Open Thread: Drew Westin’s NYT Op-Ed on “What Happened to Obama?”

BHO

Over the weekend, Drew Westin took to the NYT to discuss Obama’s “lack of passion”:

Those were the shoes — that was the historic role — that Americans elected Barack Obama to fill. The president is fond of referring to “the arc of history,” paraphrasing the Rev. Dr. Martin Luther King Jr.’s famous statement that “the arc of the moral universe is long, but it bends toward justice.” But with his deep-seated aversion to conflict and his profound failure to understand bully dynamics — in which conciliation is always the wrong course of action, because bullies perceive it as weakness and just punch harder the next time — he has broken that arc and has likely bent it backward for at least a generation.

When Dr. King spoke of the great arc bending toward justice, he did not mean that we should wait for it to bend. He exhorted others to put their full weight behind it, and he gave his life speaking with a voice that cut through the blistering force of water cannons and the gnashing teeth of police dogs. He preached the gospel of nonviolence, but he knew that whether a bully hid behind a club or a poll tax, the only effective response was to face the bully down, and to make the bully show his true and repugnant face in public.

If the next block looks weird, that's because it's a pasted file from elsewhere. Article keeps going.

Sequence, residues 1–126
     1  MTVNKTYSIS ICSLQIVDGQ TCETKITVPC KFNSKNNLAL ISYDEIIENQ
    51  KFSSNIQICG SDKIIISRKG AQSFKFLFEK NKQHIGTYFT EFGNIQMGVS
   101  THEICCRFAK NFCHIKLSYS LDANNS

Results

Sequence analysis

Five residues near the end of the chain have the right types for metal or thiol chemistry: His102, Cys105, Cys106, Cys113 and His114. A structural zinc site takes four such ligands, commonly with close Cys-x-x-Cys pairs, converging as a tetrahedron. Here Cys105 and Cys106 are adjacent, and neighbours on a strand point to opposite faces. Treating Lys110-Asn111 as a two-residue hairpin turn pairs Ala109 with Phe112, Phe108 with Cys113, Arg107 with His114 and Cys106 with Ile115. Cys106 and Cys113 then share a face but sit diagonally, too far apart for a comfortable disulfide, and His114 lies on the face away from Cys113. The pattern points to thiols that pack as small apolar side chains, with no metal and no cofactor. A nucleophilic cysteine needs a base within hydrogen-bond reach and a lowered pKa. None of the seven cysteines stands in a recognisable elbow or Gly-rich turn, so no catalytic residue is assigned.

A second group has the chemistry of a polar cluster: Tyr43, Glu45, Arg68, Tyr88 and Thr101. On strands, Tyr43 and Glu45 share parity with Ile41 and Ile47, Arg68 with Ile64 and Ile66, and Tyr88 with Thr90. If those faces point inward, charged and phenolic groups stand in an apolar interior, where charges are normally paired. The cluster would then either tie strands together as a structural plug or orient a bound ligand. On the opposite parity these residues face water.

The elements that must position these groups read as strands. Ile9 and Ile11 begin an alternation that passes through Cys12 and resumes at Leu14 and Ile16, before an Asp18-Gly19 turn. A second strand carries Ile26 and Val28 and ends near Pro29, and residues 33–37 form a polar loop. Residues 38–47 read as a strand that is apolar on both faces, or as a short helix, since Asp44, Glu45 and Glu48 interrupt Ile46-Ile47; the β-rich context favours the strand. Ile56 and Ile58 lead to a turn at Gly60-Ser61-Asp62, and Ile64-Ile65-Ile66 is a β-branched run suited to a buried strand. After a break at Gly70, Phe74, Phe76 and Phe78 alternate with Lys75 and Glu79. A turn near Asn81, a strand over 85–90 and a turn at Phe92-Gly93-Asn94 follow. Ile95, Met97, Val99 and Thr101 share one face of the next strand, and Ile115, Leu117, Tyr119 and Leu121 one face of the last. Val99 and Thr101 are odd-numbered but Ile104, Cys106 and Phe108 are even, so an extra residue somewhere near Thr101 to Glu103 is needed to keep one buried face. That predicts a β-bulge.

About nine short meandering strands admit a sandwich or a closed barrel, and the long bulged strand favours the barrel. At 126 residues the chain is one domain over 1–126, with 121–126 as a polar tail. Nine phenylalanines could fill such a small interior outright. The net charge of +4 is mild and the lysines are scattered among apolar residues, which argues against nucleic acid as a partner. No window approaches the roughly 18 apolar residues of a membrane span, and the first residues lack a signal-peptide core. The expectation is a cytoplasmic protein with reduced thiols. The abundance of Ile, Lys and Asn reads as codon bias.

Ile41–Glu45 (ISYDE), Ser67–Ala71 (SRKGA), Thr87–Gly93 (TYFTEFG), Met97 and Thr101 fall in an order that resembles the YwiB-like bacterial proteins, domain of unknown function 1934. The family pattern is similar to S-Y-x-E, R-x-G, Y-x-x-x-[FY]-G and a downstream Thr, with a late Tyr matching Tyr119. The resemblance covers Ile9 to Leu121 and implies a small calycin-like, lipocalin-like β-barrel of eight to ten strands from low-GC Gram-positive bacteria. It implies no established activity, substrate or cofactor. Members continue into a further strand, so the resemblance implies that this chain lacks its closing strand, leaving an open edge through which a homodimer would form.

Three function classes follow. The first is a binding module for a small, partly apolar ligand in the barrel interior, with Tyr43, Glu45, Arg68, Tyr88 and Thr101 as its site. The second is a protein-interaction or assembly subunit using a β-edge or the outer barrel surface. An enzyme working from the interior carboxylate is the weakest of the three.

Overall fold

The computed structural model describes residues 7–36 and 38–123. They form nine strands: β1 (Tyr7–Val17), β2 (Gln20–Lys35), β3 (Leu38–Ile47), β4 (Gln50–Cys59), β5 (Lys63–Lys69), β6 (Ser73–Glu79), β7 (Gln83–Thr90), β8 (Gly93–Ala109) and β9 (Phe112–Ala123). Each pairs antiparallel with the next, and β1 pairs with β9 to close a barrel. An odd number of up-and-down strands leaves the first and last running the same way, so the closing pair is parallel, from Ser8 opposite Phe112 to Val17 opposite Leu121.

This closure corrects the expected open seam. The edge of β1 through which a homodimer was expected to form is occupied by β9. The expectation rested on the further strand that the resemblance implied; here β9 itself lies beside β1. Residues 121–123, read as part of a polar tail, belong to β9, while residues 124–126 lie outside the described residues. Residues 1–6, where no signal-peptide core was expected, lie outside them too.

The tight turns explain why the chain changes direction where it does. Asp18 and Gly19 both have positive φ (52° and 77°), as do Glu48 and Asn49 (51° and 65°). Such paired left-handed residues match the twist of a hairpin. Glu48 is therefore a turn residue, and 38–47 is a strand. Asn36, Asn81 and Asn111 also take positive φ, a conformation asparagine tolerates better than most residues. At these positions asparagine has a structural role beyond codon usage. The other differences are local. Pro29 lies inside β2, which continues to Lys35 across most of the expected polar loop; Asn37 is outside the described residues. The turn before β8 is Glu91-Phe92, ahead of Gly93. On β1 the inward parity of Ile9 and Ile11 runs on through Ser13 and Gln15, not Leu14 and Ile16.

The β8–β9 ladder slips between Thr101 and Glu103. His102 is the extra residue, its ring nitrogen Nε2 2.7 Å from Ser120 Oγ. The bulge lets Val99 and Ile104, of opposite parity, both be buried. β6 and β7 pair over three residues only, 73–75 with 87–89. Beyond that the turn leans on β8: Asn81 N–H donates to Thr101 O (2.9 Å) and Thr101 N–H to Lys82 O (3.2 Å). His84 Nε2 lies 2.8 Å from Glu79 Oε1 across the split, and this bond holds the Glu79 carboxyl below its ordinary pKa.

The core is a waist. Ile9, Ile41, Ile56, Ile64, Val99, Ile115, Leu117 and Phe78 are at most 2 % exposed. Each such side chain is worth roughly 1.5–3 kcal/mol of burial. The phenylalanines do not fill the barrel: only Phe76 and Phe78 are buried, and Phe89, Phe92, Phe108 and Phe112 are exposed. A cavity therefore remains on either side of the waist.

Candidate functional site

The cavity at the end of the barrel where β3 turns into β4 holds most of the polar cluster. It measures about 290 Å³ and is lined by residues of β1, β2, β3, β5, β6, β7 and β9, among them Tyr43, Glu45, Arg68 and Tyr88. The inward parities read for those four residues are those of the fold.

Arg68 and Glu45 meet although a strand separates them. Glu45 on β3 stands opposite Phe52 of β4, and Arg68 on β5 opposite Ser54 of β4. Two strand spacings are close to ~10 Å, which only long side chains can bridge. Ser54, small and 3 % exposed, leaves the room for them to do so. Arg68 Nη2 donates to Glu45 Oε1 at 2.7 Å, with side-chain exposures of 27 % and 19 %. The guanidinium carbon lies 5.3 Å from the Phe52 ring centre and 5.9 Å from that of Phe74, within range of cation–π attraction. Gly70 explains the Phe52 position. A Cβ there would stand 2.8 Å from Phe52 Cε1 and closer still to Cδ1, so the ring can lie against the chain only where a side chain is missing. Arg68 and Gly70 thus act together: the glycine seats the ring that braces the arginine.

IN contrast, when faced with the greatest economic crisis, the greatest levels of economic inequality, and the greatest levels of corporate influence on politics since the Depression, Barack Obama stared into the eyes of history and chose to avert his gaze.

Westin argues that Obama hasn’t proactively shaped the narrative. Thoughts?

And Now, The Comedic Stylings Of Reggie Brown

By Arturo R. García

Didja hear the one about the guy who impersonated President Obama in front of a room full of Republicans? Turns out he was allowed to make fun of a black man, but not a Bachmann.

Thank you, I’m here all week.

But seriously, folks, if you watch the video above, you see that Obama impersonator Reggie Brown got off to a good start with his set at the Republican Leadership Conference. A transcript, and other “highlights,” are under the cut.
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No, Joan Walsh, racial criticism does not equal ‘identity politics’

By Guest Contributor Tami Winfrey Harris, cross-posted from What Tami Said

Hmmm … I’m just digesting Joan Walsh’s analysis of the Cornel West v. President Obama controversy. Now, I think West’s attack on Obama was petty, personal and, perhaps worst of all, an example of destructive policing of blackness from within. So, I was with Walsh until she went here:

But there’s a way in which this whole controversy looks like progressives devouring their own tail. From the left, West attacks Obama for not being black enough; I’ve written about being attacked as a clueless, entitled white progressive for criticizing Obama; in a pro-West backlash, black Obama supporters are being dismissed as “elitist” fronts for white liberals and that half-white guy in the White House. It’s crazy. Read more…

Whoa … whoa … whoa there, Joan! In her article, Walsh goes from pointing out the silliness of “not black enough” charges to using West’s foolishness to imply that analysis of political opinion through the lens of race and other identities is without merit–particularly when leveled at, well, Joan Walsh.